The following measures for traffic congestion in Bradford can be implemented immediately for little cost:
- Elimination of street parking and left turns along highlighted portion of Bridge St and Holland St. W.
- Traffic signal with advanced Left Turn on Bridge St. for northbound traffic
Longer term measures:
To address Bradford’s center of town congestion:
- Connect Queensville Sideroad, via Bathurst St. and Hochreiter Road with 8th line in Bradford,
On the following map, the green highlights on the Hochreiter Road route show the doubling of traffic capacity through Bradford once this solution is in place. The proposed bridge location is very slightly south of the proposed Bradford Bypass Route.
Hochreiter Rd. is currently a closed road allowance owned by the landowners on either side of it. This road allowance would have to be reopened (acquired from the landowners) and widened to permit an ultimate 4 lane arterial road, if that later became necessary. Connection from the bridge to Bradford’s 8th Line would require a short section of new road.
To address out-of-the-way travel problems:
- Connect Ravenshoe Road to Line 13
– or –
- Resurrect MTO’s previously substantially EA approved, 1984 Highway 89 Extension, (2 lane highway to Ravenshoe Road).
Long time residents of the area tell us that there used to be a bridge over the Holland River at Ravenshoe Rd. This bridge was totally destroyed by Hurricane Hazel and never replaced thus causing the current out-of-the-way travel problem.
The connection of Ravenshoe Rd to Line 13 is the least environmentally intrusive solution. It essentially crosses land that has been reclaimed for a number of years. When the 1997 EAS was done, the Ministry of Natural Resources pressed MTO to choose river crossings which had been previously disturbed.
The sections of Ravenshoe Rd. from Leslie St. to the river and Line 13 or 12, from the river to Yonge St., would need to be upgraded to arterial road specifications (similar to Ravenshoe Rd. from Leslie St. to Woodbine Ave.)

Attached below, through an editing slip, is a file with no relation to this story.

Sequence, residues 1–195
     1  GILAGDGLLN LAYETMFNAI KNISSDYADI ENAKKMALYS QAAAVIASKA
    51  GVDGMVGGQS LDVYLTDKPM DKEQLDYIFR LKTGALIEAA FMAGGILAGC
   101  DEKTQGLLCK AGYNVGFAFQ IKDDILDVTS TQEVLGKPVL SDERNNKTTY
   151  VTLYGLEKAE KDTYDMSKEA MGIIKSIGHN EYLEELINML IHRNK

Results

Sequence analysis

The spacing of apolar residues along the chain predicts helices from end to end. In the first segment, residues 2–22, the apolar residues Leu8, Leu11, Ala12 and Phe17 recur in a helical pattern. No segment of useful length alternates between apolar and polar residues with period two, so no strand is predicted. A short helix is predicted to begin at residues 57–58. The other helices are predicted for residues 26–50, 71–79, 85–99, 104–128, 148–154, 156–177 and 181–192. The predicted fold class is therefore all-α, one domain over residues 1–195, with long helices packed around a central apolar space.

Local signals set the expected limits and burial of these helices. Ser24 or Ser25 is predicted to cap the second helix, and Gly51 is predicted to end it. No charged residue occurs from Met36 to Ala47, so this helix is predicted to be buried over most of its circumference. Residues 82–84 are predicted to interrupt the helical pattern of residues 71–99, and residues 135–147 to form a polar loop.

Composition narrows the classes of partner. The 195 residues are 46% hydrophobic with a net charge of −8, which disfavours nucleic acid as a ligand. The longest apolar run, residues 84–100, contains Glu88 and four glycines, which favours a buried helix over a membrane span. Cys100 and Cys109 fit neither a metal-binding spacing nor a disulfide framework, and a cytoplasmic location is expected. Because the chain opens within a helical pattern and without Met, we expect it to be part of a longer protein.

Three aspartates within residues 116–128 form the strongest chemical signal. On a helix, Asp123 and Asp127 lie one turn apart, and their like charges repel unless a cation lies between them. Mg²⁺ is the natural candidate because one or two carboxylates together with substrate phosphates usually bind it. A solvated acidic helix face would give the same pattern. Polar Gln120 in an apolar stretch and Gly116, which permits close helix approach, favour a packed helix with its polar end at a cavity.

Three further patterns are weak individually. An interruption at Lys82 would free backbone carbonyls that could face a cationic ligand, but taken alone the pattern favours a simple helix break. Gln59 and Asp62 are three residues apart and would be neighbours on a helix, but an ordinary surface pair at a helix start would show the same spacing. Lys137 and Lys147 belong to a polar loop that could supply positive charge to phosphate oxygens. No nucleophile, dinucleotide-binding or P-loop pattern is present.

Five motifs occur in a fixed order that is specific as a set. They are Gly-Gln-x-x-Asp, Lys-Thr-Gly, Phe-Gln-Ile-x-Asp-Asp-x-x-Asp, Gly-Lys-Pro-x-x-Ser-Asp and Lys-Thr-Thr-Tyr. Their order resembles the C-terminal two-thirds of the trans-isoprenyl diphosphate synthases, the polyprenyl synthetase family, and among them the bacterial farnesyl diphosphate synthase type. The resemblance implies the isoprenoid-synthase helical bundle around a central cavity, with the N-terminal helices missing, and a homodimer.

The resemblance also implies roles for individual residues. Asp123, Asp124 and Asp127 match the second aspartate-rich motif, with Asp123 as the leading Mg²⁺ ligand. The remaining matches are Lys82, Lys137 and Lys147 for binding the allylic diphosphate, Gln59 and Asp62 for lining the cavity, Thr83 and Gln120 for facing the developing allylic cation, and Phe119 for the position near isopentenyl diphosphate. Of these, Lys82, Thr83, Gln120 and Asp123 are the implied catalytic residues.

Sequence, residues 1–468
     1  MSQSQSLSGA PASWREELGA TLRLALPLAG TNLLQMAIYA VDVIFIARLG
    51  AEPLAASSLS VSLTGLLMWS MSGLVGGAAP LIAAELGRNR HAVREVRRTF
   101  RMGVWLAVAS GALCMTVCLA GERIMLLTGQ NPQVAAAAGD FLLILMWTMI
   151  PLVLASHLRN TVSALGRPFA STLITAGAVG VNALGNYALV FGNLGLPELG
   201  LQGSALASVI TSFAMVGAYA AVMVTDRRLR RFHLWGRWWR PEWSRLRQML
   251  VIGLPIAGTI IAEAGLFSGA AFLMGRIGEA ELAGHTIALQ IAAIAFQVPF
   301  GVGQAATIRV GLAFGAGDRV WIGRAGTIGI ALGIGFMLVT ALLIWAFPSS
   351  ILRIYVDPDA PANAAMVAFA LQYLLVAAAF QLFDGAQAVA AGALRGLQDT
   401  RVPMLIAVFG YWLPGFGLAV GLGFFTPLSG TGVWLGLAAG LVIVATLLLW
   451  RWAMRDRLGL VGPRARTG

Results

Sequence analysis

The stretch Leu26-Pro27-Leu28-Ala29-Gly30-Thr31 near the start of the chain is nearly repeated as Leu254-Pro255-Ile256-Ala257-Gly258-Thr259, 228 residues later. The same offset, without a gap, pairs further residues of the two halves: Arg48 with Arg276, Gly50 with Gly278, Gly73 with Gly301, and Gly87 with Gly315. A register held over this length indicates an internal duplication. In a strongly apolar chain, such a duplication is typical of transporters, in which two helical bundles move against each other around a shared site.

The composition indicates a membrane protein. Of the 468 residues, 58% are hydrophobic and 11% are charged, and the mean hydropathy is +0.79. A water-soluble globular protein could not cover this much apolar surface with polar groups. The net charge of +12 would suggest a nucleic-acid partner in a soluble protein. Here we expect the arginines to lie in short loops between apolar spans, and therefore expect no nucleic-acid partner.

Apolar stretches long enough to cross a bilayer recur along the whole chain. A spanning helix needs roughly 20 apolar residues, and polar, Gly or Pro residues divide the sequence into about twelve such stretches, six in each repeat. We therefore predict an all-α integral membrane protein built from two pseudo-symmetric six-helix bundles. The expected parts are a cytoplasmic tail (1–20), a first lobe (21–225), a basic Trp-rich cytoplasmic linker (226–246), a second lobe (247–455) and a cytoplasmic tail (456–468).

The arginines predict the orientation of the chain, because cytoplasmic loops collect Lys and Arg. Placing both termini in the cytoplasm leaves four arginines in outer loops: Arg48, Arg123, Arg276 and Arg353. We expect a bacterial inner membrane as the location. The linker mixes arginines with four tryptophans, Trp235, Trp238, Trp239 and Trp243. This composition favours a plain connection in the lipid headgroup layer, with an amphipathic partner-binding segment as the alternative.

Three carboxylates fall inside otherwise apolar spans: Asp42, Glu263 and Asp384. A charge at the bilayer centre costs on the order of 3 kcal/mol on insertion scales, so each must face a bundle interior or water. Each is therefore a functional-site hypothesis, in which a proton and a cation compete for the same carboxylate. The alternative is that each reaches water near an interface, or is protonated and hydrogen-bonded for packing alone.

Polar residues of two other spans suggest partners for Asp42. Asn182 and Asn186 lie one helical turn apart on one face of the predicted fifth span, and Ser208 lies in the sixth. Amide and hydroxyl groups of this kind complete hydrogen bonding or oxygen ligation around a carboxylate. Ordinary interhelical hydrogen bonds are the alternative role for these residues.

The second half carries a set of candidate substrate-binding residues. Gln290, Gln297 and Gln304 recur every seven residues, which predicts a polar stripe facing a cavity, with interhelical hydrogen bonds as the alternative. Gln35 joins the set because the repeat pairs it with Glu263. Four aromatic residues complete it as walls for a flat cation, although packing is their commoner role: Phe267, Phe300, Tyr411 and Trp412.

Road allowances would need to be protected to permit upgrading to 4 lane arterial road status if at some time in the future this became necessary.
The following map shows MTO’s final preferred route for the previously, substantially EA approved, Highway 89 Extension EAS (1984). The decision for a 4 lane highway was a policy decision. At no time, either then or now, has there been sufficient demand for this level of highway. MTO is counting on induced demand to justify this policy decision. MTO refused to consider this route in their 1997 Bradford Bypass EA Study for reason that it was not a 4 lane controlled access highway. MTO further acknowledged that the Highway 89 proposal was less environmentally invasive than the proposed Bradford Bypass. MTO’s 1997 EAS stated that, in 1984, the Minister withdrew the Highway 89 EA Approval in response to public opposition over the environmental impact of the highway. The Minister also committed to not cross this marsh again.
A great deal has changed since 1984, surely this commitment is no longer binding!
All of these alternative routes conform to MTO’s stated preference to separate long distance travel from local traffic. The Bradford Bypass will combine this traffic.
Advantages of these proposed alternative routes include:
- Out-of-the-way travel between Barrie and Keswick / Brechin will be minimized. (Increased travel time caused by a 2-lane highway or regional road will be offset by the elimination of 12 km of out-of-the-way travel necessary to utilize the Bradford Bypass).
- Dramatically decreased impact on the provincially significant Keswick Marsh – i.e. addition of two 2-lane bridges over the Holland River / Holland Marsh in Bradford instead of two, large, 4-lane bridges crossing the east and west branches of the Holland River.
- Costs: Elimination of five interchanges and 4 overpasses over all north/south roads between Hwy 400 and Hwy 404 together with an, as yet unknown, number of concrete columns supporting the freeway over the Holland River (east branch) portion of the Holland Marsh.
- 16.2 Km of 4-lane paved freeway corridor avoided. The proposed solutions require a relatively short two-lane arterial roadway to connect Hochreiter Road with Bradford’s 8th line. The Hwy 89 route will require a relatively short new 2-lane arterial road connecting Ravenshoe Road to Line 13 or line 12 and an upgrade of either of these Lines to arterial road status to Yonge St.
- Substantially reduced carbon impact with respect to both construction and subsequent vehicle usage.
The Bradford Bypass project consultants should be required to conduct and publish travel studies for both the Bradford Bypass and these alternative route options.
These studies should include:
- Comparisons of estimated travel times for typical trips,
- Comparisons of costs for each of the alternatives,
- Carbon emissions for both construction and anticipated daily traffic volumes,
- The cost of the Bradford Bypass versus the best alternative route or routes
- The incremental cost / benefit of the Bradford Bypass versus the selected alternative(s)